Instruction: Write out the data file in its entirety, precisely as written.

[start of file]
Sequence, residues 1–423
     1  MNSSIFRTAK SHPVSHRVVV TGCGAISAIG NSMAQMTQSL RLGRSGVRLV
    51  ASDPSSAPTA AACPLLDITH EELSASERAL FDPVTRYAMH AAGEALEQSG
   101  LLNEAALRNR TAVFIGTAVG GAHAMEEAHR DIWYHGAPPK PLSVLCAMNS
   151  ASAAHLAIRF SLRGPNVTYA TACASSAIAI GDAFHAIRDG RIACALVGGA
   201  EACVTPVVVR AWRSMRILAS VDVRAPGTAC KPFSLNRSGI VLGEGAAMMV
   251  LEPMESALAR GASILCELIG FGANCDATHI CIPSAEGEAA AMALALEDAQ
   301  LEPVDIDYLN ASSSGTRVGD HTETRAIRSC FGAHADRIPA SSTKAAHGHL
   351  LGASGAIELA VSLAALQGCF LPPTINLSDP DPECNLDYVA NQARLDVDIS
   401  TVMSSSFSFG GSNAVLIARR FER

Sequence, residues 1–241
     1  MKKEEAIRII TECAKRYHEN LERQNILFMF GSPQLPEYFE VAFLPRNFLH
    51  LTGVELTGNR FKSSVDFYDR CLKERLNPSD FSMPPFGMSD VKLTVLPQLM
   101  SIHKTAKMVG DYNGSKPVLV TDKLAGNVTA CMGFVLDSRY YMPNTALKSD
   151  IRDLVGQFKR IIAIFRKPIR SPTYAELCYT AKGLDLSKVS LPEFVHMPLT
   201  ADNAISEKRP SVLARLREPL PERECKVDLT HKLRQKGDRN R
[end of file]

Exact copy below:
Sequence, residues 1–423
     1  MNSSIFRTAK SHPVSHRVVV TGCGAISAIG NSMAQMTQSL RLGRSGVRLV
    51  ASDPSSAPTA AACPLLDITH EELSASERAL FDPVTRYAMH AAGEALEQSG
   101  LLNEAALRNR TAVFIGTAVG GAHAMEEAHR DIWYHGAPPK PLSVLCAMNS
   151  ASAAHLAIRF SLRGPNVTYA TACASSAIAI GDAFHAIRDG RIACALVGGA
   201  EACVTPVVVR AWRSMRILAS VDVRAPGTAC KPFSLNRSGI VLGEGAAMMV
   251  LEPMESALAR GASILCELIG FGANCDATHI CIPSAEGEAA AMALALEDAQ
   301  LEPVDIDYLN ASSSGTRVGD HTETRAIRSC FGAHADRIPA SSTKAAHGHL
   351  LGASGAIELA VSLAALQGCF LPPTINLSDP DPECNLDYVA NQARLDVDIS
   401  TVMSSSFSFG GSNAVLIARR FER

Sequence, residues 1–241
     1  MKKEEAIRII TECAKRYHEN LERQNILFMF GSPQLPEYFE VAFLPRNFLH
    51  LTGVELTGNR FKSSVDFYDR CLKERLNPSD FSMPPFGMSD VKLTVLPQLM
   101  SIHKTAKMVG DYNGSKPVLV TDKLAGNVTA CMGFVLDSRY YMPNTALKSD
   151  IRDLVGQFKR IIAIFRKPIR SPTYAELCYT AKGLDLSKVS LPEFVHMPLT
   201  ADNAISEKRP SVLARLREPL PERECKVDLT HKLRQKGDRN R